I'll be honest - the cover is what drew me in again. And the title was just so fitting, I couldn't help but be interested.
With good reason.
Not 30 pages in, I decided that I would do a review on this book. I was unsure about the first chapter, but as it got into the story it became what I had hoped for from the cover.
Curious. Dark. Chilling. Engaging.
There is a writing style for every emotion and every mood under the sun, and Bill Coffey has managed to capture a very peculiar, very rare atmosphere in a Frank Peretti-Ted Dekker-esque way, while still maintaining a style of narration unique unto himself.
He introduces his story first as the narrator, welcoming you into town and spilling all of the place's deepest, darkest secrets all at once before he decides to explain more fully what has happened in the area to make everyone act so strangely. So he opens the story with some details about a few teenagers going to a party for the most popular people in the town. It's the place to be. If you're not there, you're not anywhere worth being, and kids take that to heart.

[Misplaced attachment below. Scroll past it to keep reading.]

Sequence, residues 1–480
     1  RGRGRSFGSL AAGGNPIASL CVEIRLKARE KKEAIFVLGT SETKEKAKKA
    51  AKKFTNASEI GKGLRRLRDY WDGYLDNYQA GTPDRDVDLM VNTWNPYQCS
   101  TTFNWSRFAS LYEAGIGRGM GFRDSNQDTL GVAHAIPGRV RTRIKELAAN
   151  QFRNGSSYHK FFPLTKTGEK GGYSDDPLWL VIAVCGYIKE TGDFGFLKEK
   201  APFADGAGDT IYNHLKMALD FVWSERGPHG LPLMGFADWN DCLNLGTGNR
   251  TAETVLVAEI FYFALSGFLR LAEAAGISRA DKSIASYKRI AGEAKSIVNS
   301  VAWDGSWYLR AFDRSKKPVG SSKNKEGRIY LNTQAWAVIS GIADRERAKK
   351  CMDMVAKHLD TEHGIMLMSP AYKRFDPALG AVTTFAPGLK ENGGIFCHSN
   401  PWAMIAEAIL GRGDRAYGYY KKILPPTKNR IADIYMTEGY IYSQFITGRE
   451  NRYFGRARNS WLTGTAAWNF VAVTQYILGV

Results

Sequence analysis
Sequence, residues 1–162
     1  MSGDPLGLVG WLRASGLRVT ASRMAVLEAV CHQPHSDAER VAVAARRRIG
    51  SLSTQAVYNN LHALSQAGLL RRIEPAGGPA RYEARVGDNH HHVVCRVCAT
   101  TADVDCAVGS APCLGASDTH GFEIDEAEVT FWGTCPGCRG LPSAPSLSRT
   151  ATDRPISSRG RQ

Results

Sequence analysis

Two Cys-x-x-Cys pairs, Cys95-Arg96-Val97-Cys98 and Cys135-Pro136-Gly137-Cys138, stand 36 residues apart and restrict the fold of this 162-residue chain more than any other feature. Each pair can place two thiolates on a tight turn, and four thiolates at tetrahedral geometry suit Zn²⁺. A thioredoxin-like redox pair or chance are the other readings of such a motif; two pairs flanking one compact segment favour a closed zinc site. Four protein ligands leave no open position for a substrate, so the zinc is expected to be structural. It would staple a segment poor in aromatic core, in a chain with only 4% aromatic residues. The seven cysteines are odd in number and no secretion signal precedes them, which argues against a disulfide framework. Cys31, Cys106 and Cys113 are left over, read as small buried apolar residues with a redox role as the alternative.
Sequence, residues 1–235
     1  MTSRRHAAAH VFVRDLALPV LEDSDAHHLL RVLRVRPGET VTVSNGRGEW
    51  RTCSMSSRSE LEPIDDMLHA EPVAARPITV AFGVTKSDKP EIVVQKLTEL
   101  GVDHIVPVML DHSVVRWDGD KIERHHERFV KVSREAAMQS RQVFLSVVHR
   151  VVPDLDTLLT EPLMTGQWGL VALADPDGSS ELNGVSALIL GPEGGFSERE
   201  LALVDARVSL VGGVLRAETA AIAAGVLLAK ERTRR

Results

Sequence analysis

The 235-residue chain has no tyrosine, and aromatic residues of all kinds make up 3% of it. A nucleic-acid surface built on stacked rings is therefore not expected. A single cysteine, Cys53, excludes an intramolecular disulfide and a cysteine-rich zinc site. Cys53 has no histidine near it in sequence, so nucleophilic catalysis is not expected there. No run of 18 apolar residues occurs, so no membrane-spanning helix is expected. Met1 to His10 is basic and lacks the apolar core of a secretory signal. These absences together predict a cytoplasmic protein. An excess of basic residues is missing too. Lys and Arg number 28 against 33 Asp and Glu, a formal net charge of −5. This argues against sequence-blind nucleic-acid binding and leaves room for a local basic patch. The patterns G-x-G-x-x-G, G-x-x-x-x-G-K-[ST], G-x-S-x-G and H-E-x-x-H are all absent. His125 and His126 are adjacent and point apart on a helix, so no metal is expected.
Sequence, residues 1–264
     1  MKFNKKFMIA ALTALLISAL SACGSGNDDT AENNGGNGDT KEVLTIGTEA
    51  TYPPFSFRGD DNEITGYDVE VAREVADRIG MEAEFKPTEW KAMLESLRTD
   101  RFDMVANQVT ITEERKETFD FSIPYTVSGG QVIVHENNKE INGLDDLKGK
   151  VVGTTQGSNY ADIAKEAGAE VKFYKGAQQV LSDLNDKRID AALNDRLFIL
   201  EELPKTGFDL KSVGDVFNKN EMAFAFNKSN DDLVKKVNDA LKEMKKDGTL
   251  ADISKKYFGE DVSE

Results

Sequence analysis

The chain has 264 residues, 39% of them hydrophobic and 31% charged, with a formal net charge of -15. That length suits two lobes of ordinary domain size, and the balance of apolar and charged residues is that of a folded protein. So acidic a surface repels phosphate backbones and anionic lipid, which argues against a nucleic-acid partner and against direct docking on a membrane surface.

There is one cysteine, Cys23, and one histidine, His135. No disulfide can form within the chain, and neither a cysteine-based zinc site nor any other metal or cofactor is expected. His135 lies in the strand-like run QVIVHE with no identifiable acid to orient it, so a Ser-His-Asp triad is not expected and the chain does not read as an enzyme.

What starts off as a daughter borrowing her mother's bracelet without permission - with every intention of giving it back, mind you - turns into a case of a lost valuable in a forbidden wood with four terrified teenagers awakening the wrath of a dormant witch.
Coffey paints a very dark picture with the hard lives of his characters; the sin that they're enveloped in and the generational pain that just keeps coming back around. This witch that they disturb is years bitter as a widow after her husband was killed, and she blames everyone in the town at the bottom of the mountain. They avoid her at all costs - or they're supposed to. It's not hard, with her living as secluded as she does. But with the town kids as they are, daring, curious, and rebellious, even ingrained terror and rumours don't keep them away.
They awaken the curse, and there is no going back.
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